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How AI at the Edge Could Revolutionize Artificial Intelligence

June 16, 2022 - Lou Farrell

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Artificial intelligence (AI) has already reshaped modern life and business. As widespread as it is, though, this technology is far from reaching its peak. AI at the edge is the next significant step forward, promising to take AI’s disruptive potential to new heights.

As AI has become more common, its challenges have become more evident alongside its advantages. Combining this technology with edge computing could help it overcome these obstacles and bring its benefits to new use cases or expand on existing ones. This movement is already visible in some smaller applications, but it will likely grow to transform AI as a whole.

What Is AI at the Edge?

AI at the edge refers to running AI applications across edge computing networks. Instead of deploying an algorithm entirely on the cloud or a single physical device, edge AI combines the advantages of both. It leverages the tens of billions of IoT connections in the world to distribute AI processes while keeping them near their end uses.

Cloud computing has become the standard for many AI applications, given the sheer volume and distribution of their data. AI at the edge takes that further by bringing these processes closer to the data’s source. It’s still technically processing on the cloud, but that cloud is a network of nearby devices instead of far-away data centers.

Edge computing already uses these distributed networks to run conventional computing processes, so running more complex AI algorithms on them is the logical progression. Similarly, artifical intellgence already capitalizes on the flexibility of the cloud, so it’s natural to transition it to the edge as cloud environments move in that direction.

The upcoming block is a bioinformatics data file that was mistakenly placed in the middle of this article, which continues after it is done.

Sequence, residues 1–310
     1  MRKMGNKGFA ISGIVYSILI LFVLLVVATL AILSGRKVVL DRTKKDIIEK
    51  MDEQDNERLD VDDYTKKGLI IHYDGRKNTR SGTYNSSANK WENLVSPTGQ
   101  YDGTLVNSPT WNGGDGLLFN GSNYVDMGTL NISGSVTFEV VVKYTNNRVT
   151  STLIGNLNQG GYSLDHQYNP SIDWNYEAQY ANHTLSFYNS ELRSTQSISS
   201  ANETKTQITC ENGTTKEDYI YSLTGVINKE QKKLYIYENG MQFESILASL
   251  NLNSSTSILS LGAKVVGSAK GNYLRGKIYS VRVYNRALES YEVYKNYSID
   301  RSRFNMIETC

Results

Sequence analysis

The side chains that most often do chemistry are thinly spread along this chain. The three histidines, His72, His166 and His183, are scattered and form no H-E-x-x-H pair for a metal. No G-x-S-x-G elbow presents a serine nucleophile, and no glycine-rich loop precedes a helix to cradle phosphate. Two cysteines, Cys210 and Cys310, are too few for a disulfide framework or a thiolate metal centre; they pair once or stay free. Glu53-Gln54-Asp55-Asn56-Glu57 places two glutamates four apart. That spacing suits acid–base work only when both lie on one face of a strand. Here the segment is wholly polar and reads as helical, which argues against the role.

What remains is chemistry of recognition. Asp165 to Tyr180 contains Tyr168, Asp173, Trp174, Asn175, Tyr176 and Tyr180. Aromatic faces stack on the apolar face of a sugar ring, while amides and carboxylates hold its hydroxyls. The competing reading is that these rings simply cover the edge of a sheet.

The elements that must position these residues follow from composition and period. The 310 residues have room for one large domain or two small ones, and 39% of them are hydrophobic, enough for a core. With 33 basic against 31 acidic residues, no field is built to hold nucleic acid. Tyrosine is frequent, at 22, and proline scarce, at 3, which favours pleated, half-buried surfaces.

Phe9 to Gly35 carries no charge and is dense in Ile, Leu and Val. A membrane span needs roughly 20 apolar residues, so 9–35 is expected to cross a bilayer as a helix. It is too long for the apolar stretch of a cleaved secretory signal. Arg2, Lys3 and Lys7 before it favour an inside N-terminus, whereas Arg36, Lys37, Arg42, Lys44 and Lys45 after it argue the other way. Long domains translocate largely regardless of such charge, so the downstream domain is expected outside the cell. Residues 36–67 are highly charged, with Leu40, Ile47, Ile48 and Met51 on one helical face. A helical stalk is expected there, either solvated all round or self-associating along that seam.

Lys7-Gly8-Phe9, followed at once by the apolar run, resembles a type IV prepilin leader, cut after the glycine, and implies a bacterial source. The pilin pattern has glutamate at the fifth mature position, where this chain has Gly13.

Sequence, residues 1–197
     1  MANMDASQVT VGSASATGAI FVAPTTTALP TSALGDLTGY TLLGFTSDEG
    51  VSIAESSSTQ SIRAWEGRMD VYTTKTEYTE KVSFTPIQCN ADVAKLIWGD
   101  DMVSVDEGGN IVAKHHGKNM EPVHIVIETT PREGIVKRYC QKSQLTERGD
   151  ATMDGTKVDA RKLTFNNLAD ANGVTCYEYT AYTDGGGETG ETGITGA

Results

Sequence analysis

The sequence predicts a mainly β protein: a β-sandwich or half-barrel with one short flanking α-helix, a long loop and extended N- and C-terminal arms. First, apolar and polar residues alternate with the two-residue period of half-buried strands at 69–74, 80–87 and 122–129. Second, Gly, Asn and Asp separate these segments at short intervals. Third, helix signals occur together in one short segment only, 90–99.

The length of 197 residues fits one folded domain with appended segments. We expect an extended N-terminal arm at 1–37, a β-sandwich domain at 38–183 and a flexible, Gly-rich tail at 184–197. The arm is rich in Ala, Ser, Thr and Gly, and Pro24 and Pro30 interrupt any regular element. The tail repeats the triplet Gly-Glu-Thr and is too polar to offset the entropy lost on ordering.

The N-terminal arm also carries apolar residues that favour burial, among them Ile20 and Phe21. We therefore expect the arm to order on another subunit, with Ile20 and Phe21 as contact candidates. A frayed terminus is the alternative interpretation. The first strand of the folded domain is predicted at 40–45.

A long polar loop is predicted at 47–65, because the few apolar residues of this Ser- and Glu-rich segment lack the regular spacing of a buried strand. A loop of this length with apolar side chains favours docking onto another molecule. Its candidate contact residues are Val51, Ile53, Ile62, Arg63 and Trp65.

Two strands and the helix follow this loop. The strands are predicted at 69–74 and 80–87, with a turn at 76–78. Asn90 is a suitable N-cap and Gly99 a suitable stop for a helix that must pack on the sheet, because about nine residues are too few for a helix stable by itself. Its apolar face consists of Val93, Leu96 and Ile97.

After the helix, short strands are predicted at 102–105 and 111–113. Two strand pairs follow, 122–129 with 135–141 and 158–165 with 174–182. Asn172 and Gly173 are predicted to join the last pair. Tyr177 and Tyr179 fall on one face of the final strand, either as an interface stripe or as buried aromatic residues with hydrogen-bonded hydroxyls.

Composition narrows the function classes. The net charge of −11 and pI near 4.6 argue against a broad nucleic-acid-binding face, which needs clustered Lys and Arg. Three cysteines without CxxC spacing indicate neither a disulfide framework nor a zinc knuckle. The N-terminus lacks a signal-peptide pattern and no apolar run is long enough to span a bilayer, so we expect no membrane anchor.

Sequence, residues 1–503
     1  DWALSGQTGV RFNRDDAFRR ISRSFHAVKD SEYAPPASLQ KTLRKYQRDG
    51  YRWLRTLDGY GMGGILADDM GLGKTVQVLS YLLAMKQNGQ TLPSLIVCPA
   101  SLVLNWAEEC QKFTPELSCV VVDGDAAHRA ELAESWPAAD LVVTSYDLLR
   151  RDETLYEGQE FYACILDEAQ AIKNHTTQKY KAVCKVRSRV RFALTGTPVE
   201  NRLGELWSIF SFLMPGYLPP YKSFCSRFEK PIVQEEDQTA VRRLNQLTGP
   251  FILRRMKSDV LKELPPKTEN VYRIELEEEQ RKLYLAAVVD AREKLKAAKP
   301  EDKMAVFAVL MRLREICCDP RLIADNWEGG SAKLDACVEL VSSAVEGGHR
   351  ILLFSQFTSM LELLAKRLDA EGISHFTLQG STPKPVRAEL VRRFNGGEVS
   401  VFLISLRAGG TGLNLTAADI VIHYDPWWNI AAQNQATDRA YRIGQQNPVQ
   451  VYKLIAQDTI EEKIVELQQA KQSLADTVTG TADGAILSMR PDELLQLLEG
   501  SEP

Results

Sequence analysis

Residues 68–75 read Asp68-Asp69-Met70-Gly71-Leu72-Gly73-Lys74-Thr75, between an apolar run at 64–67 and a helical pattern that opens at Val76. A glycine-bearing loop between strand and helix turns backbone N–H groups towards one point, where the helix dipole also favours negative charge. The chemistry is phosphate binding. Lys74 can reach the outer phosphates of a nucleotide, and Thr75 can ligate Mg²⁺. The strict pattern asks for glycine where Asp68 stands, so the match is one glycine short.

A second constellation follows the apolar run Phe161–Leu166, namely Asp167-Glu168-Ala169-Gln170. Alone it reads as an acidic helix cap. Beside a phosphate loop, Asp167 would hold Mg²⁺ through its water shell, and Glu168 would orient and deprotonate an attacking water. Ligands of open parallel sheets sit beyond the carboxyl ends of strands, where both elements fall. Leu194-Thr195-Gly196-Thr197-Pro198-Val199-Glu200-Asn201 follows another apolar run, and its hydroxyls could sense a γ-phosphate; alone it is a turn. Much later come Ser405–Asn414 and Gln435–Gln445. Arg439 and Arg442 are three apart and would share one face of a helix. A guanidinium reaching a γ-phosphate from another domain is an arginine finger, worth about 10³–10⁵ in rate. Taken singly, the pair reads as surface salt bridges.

Advantages of AI at the Edge

Running AI at the edge has multiple advantages over entirely on-device or traditional cloud systems. Lower latency and faster speeds are some of the most notable of these benefits. It enables sub-millisecond latency in some circumstances since the data has less distance to cover before and after processing.

Sending information to a remote data center and back takes time, especially at the volumes that some AI applications handle. Edge AI mitigates this by sending data to nearby connected devices instead. Some may still travel to conventional data centers for their processing power, but there’s still far less information making that trip.

This reduced reliance on remote data centers also reduces networking costs. With less information to send as far, companies will require less bandwidth, which, in turn, reduces their internet expenses.

Since it involves more local data processing, it can improve security, too. Remote data centers will hold and process less sensitive data, reducing the risk of exposure during transit and mitigating third-party data breaches. Considering 20% of global CIOs rank security concerns as a leading barrier to AI, that could help boost AI adoption.

The edge’s simultaneous distributed nature and local scope also open the door to new AI applications. Some processes require more speed and reliability than traditional data centers enable but more processing power than what individual devices can handle. Placing AI at the edge provides the ideal middle ground for those applications.

Applications of Edge AI